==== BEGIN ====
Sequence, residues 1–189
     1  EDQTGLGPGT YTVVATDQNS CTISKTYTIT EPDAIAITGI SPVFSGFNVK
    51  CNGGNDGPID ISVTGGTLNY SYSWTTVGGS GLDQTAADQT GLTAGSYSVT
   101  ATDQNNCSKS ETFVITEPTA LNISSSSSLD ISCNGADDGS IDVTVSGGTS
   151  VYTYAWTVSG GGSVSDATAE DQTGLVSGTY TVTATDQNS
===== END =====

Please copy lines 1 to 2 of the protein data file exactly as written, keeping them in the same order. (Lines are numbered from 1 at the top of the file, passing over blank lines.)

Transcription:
Sequence, residues 1–189
     1  EDQTGLGPGT YTVVATDQNS CTISKTYTIT EPDAIAITGI SPVFSGFNVK